Owning the local Golden Corral wasn’t enough for Elri Parker. He wanted to do brunch and offer cocktails.
And so he plans to when he opens The Toasted Yolk Café in Dothan on Dec. 6. With its bright green accents and breakfast and lunch menus, the Dothan restaurant is the first such franchise located outside of Texas for the restaurant company.
“Being the first out of the state of Texas, you know, I had to be a little bougie,” Parker said. “This is my home – Love Dothan, right? So, I’ve got to make sure we’re doing our thing.”
Parker has been in the restaurant industry for years with Golden Corral. Born in Brooklyn, New York, he grew up in Augusta, Georgia, raised by a single mom.
“We had nothing; raised in the projects – we just had nothing,” Parker said. “If it wasn’t for basketball and the competitiveness, the coaching skills, and just the rewards at the end of winning championships in school, I don’t think I’d be the way I am today.”
He began working with Golden Corral in 2008, traveling around to different sites. During a stint closing restaurants he was known as the Terminator. He became a general manager in 2010 for a Golden Corral in Goldsboro, North Carolina.
He and his wife, Kenyatta, who have four children, decided to move to Raleigh where Elri could pursue a new opportunity with Golden Corral – general manager for its flagship restaurant as Raleigh is home to the company’s headquarters. While his family was happy in Raleigh, Parker didn’t mesh as well with the corporate headquarters being so close. He was told he wasn’t the right fit and ended up taking a demotion as a kitchen manager for another Golden Corral in Raleigh. A few months later, his divisional president made arrangements for Parker to take over the Dothan Golden Corral.
In April 2012, he and his family moved Dothan where the local Golden Corral at the time was ranked 500 out of 505 restaurants in the company based.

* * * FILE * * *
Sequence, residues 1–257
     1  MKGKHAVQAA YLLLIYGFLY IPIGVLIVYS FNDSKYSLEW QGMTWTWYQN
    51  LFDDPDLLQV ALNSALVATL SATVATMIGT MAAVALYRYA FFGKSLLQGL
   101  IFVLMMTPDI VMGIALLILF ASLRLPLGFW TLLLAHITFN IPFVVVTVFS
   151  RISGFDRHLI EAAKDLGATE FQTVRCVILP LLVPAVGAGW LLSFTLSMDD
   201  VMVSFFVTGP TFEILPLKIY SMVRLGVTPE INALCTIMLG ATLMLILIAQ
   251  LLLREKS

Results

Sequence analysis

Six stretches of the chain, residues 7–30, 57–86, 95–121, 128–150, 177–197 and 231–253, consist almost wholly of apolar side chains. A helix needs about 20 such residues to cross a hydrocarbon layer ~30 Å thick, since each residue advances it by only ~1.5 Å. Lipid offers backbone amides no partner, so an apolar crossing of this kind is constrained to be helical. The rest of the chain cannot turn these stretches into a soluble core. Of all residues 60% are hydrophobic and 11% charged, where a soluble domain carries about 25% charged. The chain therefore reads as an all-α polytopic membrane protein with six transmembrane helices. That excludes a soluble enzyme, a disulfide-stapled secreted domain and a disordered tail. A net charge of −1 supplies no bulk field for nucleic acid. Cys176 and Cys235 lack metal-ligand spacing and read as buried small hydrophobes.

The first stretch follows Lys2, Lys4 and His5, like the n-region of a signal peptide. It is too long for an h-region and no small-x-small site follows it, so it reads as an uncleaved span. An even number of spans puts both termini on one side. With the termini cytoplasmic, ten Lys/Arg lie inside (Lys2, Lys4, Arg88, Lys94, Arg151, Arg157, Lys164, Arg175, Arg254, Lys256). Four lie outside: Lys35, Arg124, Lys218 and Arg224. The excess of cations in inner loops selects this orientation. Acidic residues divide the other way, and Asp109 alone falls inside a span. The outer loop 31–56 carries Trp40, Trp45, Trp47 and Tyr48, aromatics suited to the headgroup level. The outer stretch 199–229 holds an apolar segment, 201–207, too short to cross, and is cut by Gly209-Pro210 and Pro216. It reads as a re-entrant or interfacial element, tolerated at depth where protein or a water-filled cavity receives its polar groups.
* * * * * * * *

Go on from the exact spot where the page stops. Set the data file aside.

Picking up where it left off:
“That store, I almost walked out of because it was that bad,” Parker said. “I had never been to a store that was that bad in my life.”
He said he prayed about it and worked nine months straight with no days off to turn things around. The following year, the Dothan Golden Corral was ranked No. 1 by the company. And despite being told he’d never do it, he bought the Dothan franchise in 2016.
Expanding beyond Golden Corral was an idea born during early days of the COVID pandemic.
“Sitting at home two-and-a-half months, knowing that your operation couldn’t really work,” Parker said. “Golden Corral then wasn’t big on take-outs. It’s more of a fine casual dining family atmosphere, all-you-can-eat type business. And we were like ‘What if this happens again or what if we don’t really make it?’ It was the up and down.”
But he knew there were other opportunities out there. He knew that some restaurant chains were doing fine during COVID, and The Toasted Yolk was one of them. It had a lunch menu that was more take-out friendly. It had shorter business hours without any long night shifts. The restaurants operate with one work shift with manageable hours for employees – it’s only open from 7 a.m. to 3 p.m.
And then in the second month of the pandemic, Dothan’s Atlanta Bread Company closed. Parker felt certain 3070 Ross Clark Circle was the perfect site for what he wanted to do.
“Long story short, I got super excited about it because it was my wife’s idea because she loves mimosas,” Parker said.
The Toasted Yolk was founded in Houston, Texas, in 2010. It now has 18 locations in Texas and another 22 sites in development in Texas, Alabama and Florida. The menu features breakfast and lunch items such as omelets, pancakes, breakfast platters, shrimp and grits, biscuits and gravy, hot and cold sandwiches, salads and soup combos. The eatery also offers wine, beer and brunch-style cocktails like a mimosa or a Bloody Mary. Visit thetoastedyolk.com for more details.
Parker has plans for The Toasted Yolk beyond Dothan. He owns the franchise rights for Enterprise and Troy as well as Panama City, Destin, Pensacola and Tallahassee.
The additional sites will depend on securing locations, but Parker hopes to open new Toasted Yolk restaurants every 10 months once he has the Dothan site up and running. The restaurant will host three days of “soft” openings – one for first-responders, one for chamber members and one for the friends and family of employees.
Parker said he wants to give something back to Dothan since it is his family’s home and has given so much to them over the years.
“My biggest thing in life is God gave us all a gift … and I found that my gift is giving back to others,” Parker said. “That’s where my excitement and my happiness come in at.”
Peggy Ussery is a Dothan Eagle staff writer and can be reached at firstname.lastname@example.org or 334-712-7963. Support her work and that of other Eagle journalists by purchasing a digital subscription today at dothaneagle.com.